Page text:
Saturday, September 20, 2014

Lincoln Crazy Quilt

Dealer Julie Silber had an exceptional crazy quilt for
sale last week at the American Quilt Study Group meeting
in Milwaukee. It's dated 1882-1884.

The seamstress included several political ribbons
such as a Garfield/Arthur ribbon from 1880.
By 1882 Arthur was President; Garfield had
died, a victim of a gunshot wound.

Another indication of mourning:
a ribbon with a portrait of President
Lincoln, "Our Martyred Father! We
Mourn His Loss." This looks like
silk but the only example I can find online
was paper.

Paper example


The most important ribbons were two from
Lincoln's presidential campaign. The blue
ribbon on the left is in poor condition (as is my photo)
but I recall it was from the Lincoln/Hamlin campaign
of 1860.

The 1864 Lincoln/Johnson campaign ribbon is in great shape.

Two other examples


Here's a ribbon featuring Winfield Scott as
"Hero of Many Battles" from his failed 1852 campaign,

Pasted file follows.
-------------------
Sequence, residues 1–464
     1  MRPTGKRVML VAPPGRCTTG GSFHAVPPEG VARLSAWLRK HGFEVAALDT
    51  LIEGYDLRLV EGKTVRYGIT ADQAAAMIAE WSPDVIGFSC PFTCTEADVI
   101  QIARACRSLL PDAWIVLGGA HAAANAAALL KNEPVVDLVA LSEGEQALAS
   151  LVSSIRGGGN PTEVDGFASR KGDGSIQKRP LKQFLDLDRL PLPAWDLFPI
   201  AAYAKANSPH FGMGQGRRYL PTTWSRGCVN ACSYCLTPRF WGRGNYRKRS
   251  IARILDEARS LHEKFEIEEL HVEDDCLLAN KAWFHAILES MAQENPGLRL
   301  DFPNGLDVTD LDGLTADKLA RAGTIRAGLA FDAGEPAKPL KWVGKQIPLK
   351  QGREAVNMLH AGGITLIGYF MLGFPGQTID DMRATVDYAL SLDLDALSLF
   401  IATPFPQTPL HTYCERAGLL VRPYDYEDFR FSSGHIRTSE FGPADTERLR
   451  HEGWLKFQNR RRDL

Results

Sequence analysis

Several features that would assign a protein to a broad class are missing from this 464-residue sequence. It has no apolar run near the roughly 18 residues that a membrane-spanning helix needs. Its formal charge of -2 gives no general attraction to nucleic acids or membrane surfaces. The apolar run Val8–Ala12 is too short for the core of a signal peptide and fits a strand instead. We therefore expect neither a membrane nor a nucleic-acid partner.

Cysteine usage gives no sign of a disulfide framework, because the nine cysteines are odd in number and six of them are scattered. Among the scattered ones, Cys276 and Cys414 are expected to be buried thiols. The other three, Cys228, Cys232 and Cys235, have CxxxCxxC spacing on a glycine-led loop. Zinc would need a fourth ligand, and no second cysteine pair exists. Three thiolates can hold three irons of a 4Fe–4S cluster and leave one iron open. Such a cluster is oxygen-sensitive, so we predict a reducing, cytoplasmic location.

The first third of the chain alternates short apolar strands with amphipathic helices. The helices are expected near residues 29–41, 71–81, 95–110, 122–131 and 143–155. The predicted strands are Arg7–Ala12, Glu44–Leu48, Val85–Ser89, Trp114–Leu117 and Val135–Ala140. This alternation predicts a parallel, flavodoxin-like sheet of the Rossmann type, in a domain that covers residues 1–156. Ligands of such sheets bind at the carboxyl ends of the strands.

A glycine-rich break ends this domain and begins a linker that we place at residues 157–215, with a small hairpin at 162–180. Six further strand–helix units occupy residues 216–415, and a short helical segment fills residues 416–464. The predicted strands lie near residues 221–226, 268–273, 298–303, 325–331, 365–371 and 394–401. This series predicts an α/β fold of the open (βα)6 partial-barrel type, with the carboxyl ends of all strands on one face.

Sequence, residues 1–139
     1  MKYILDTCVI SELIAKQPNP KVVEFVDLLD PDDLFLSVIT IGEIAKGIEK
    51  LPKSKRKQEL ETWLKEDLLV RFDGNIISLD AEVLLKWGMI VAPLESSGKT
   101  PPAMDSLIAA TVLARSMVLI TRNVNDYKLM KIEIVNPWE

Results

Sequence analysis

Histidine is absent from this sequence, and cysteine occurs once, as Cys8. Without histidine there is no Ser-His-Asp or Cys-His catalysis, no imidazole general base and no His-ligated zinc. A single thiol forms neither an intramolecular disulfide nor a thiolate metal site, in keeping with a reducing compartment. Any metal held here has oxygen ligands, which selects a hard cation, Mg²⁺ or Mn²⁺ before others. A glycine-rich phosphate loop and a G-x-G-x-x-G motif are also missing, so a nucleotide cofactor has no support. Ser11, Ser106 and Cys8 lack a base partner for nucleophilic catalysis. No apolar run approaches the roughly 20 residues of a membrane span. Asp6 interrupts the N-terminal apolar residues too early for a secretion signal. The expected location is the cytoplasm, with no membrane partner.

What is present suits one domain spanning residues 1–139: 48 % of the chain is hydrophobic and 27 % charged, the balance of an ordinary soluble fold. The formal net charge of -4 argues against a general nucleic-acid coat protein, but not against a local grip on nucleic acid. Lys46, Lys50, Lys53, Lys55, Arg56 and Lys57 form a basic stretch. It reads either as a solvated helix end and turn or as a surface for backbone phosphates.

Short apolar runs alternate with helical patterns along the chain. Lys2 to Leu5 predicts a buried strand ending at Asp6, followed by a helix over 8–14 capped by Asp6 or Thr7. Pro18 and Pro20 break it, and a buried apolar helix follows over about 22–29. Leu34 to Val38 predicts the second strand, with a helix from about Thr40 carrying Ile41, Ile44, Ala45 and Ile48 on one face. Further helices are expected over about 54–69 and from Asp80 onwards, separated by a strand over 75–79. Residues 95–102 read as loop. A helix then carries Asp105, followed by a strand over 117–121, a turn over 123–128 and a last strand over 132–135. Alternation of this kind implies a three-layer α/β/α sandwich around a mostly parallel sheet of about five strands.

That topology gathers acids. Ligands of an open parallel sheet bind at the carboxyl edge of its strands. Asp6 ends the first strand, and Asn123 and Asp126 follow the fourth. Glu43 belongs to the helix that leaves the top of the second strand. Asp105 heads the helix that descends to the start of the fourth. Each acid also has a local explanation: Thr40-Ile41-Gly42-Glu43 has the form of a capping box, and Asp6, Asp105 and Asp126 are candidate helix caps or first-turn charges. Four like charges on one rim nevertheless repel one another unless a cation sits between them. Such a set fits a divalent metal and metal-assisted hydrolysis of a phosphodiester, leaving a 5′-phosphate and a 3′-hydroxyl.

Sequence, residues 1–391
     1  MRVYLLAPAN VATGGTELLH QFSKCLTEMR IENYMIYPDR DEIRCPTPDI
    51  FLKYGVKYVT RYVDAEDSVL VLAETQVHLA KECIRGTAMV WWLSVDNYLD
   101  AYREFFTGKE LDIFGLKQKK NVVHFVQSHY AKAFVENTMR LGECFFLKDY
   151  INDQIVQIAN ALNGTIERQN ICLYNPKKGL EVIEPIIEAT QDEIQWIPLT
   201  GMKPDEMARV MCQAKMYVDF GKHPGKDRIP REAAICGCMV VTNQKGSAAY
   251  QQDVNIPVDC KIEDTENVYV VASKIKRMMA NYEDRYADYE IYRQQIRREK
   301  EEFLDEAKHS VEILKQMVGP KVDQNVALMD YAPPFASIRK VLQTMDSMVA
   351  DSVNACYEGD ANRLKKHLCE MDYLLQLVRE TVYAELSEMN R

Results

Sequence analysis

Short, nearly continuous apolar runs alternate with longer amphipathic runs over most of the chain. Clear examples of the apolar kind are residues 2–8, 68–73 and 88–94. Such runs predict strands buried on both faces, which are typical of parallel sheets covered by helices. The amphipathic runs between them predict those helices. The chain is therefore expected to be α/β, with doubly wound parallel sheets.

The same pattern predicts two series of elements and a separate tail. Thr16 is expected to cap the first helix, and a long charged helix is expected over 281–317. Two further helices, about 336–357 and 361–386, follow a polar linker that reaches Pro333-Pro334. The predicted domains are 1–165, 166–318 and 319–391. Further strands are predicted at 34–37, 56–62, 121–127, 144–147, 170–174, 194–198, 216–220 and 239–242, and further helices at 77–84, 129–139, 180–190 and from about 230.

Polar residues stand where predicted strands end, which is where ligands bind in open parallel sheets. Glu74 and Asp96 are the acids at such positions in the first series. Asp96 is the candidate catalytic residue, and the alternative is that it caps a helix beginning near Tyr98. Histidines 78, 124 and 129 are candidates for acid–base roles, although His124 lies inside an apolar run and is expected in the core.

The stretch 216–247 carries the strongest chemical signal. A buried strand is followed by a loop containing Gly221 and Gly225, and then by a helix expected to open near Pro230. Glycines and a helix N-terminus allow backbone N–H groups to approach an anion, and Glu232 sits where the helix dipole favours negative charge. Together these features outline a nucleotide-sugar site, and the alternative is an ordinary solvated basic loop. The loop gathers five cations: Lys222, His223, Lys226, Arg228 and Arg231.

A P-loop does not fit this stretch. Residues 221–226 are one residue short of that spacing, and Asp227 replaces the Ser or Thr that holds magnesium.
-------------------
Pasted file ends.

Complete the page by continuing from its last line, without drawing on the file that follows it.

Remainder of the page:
and one from the losing Winfield Scott Hancock/
William H. English ticket of 1880. The rooster
indicates they were Democrats.

The embroidered imagery on the quilt is
also striking,

particularly this painted portrait of an
older black man with two children.

Contact for Julie:

The Merchant's Mall at AQSG meetings is always
outstanding.


That's a temperance sampler on the left.

Next September in Indianapolis.
'

7 comments:

Marina Brito de Campos said...

What a fantastic quilt! So full of original historic memorabilia! Would love to see it in real.

Chantal said...

Wow! It was fun discovering this quilt with you. Love all the stitches too. Thanks.

WoolenSails said...

I would love to go to that show, so many beautiful quilts on display.

Debbie

desertskyquilts said...

I remember Laurene Sinema talking about this group. Thanks for posting the pictures of the crazy quilt. It's wonderful to see the history, and the stitching that was used.

Penny Huck said...

I like how they used different stitches between pieces on the front. I wonder if they stitched them right sides together with a running stitch first? It's also fun tho wonder about the worn out clothiers they must have used. Thank you for sharing.

Barbara Brackman said...

Penny
Those silks were probably new scraps from sewing clothing. They are worn now because they are so unstable over 130 years. The silk yarn is organic (it's going to break down) and the dyes were corrosive.

Anna said...

What an amazing quilt...it is wonderful to imagine the person who stitched this beauty.